Access is immediate if it’s not possible for another code to run that entrance begins however before it closes. By their tendency, two momentary gets can’t occur simultaneously. Most memory access is quick. For instance, all the read and write the instance in the code listing below are instantaneous:

func oneMore(than number: Int) -> Int {

    return number + 1


var myNumber = 1

myNumber = oneMore(than: myNumber)


// Prints "2”

However, there are a few different ways to get to memory, called long term access, that length the execution of other code. The difference between prompt access and long-term access is that it’s workable for other code to pursue drawn-out access begins however before it closes, which is called the cover. Drawn-out access can cover with other long-term access and quickly get to.  

Overlapping accesses appear primarily in code that uses in-out parameters in functions and methods or mutating methods of a structure. The specific kinds of Swift code that use long-term accesses are discussed in the sections below. 

Clashing Access to In-Out Parameters  

A function has long term write access to the entirety of its in-out parameters. The write access for an in-out parameter begins after the entirety of the non-in-out parameters have been assessed and goes on for the whole length of that function call. On the off chance that there are numerous in-out boundaries, the compose gets to begin as per the pattern in which the boundaries show up.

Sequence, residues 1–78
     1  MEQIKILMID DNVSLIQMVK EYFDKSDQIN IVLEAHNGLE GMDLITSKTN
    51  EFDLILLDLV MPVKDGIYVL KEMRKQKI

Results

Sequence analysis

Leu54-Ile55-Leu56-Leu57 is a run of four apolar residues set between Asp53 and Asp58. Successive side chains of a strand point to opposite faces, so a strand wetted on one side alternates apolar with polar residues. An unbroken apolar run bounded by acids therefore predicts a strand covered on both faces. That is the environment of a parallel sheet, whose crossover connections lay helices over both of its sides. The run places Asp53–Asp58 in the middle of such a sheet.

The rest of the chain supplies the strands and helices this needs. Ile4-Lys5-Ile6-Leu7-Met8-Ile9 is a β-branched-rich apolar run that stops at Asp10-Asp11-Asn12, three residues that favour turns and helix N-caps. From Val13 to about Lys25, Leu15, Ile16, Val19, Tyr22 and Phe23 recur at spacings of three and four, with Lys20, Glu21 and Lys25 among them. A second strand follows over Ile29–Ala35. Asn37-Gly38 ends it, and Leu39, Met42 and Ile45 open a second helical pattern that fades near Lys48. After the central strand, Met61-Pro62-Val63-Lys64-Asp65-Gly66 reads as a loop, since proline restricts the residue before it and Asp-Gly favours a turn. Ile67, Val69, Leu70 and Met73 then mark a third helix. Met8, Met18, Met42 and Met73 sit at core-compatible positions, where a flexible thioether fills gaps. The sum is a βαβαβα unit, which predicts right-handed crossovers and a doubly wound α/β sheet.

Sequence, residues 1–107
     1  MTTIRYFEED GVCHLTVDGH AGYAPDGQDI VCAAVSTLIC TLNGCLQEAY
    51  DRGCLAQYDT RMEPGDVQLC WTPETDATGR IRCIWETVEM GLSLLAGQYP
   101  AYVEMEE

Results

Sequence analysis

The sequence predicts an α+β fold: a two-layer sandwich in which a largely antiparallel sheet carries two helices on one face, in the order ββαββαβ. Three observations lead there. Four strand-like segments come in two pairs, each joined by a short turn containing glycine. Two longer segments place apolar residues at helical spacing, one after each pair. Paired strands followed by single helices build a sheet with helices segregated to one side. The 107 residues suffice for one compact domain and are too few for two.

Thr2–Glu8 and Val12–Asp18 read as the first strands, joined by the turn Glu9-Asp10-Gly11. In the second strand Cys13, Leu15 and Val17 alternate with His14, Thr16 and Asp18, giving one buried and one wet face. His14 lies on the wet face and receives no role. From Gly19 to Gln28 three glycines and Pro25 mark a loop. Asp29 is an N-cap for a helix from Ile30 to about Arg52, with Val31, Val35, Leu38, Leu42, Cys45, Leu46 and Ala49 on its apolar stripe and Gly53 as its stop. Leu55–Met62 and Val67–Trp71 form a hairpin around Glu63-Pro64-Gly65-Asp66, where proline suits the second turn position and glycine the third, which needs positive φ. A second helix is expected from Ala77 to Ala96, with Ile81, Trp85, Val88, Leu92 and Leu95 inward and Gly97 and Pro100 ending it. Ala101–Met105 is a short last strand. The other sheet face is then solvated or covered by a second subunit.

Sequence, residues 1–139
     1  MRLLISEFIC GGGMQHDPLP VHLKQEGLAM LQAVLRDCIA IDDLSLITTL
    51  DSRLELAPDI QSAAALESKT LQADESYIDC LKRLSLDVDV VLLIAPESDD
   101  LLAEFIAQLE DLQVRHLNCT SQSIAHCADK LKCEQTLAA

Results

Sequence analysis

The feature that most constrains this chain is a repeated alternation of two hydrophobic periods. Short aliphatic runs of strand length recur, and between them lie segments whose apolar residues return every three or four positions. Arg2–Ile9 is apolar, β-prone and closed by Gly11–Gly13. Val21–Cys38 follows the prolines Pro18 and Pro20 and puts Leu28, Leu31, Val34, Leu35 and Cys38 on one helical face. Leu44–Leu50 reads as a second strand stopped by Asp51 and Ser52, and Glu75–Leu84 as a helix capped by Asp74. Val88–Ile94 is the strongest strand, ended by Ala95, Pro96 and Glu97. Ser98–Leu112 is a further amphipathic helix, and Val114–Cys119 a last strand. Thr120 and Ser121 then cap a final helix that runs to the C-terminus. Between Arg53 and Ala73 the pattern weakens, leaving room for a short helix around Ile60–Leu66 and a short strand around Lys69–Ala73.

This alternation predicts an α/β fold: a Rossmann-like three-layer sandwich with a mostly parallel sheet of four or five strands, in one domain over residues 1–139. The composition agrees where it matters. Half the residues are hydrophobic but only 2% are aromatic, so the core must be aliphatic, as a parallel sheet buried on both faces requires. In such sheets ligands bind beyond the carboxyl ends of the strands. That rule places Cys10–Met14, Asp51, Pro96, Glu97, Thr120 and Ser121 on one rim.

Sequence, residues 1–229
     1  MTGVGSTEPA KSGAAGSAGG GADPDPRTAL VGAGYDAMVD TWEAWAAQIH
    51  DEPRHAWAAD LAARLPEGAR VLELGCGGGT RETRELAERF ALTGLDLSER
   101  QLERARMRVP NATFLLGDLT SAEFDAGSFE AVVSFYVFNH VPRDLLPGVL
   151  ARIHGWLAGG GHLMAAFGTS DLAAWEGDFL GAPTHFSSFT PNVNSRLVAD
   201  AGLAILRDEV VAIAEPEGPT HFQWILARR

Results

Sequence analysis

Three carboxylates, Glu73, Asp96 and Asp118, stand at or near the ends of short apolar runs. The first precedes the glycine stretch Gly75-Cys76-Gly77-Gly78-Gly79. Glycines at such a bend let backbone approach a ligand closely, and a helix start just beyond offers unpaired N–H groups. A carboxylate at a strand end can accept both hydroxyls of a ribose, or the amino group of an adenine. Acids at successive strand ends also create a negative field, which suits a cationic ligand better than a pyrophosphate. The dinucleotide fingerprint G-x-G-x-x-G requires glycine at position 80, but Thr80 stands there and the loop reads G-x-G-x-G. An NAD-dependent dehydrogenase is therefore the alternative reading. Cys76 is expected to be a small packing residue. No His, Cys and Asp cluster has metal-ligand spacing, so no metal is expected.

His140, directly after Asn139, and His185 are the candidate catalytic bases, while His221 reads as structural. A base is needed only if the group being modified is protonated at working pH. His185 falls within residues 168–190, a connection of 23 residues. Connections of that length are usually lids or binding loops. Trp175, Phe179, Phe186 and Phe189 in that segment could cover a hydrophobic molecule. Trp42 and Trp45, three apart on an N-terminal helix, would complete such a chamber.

One outcome of this long term writ write access is that you can’t get to the first variable that was passed as in-out, regardless of whether checking rules and access control would somehow allow it—any admittance to the first makes a conflict. For example:  

var stepSize = 1 

func increment(_ number: inout Int) { 

number += stepSize  



//Error: clashing gets to stepSize"

In the code above, stepSize is a global variable, and it is typically open from inside increment(_:). Be that as it may, the read admittance to stepSize covers with the compose admittance to number. One approach to illuminate this contention is to make an express duplicate of stepSize:”  

// Make an explicit copy.

var copyOfStepSize = stepSize


// Update the original.

stepSize = copyOfStepSize

// stepSize is now 2

At the point when you duplicate stepSize prior to calling increment(_:), unmistakably the estimation of copyOfStepSize is increased by the current advance size. The read access closes before the write access begins, so there isn’t a convention.  

Another outcome of long haul compose admittance to in-out parameters is that passing a solitary variable as the argument for various in-out parameters of a similar function creates a contention. For instance:  

func balance(_ x: inout Int, _ y: inout Int) {

    let sum = x + y

    x = sum / 2

    y = sum - x


var playerOneScore = 42

var playerTwoScore = 30

balance(&playerOneScore, &playerTwoScore)  // OK

balance(&playerOneScore, &playerOneScore)

// Error: conflicting accesses to playerOneScore

The balance(_:_:) function above adjusts its two parameters to separate the all-out worth uniformly between them. Calling it with playerOneScore and playerTwoScore as contentions doesn’t create a contention—there are two write access to that cover as expected, however, they access various areas in memory. Interestingly, passing playerOneScore as the incentive for the two parameters creates a contention since it attempts to perform two write access to a similar area in memory simultaneously.”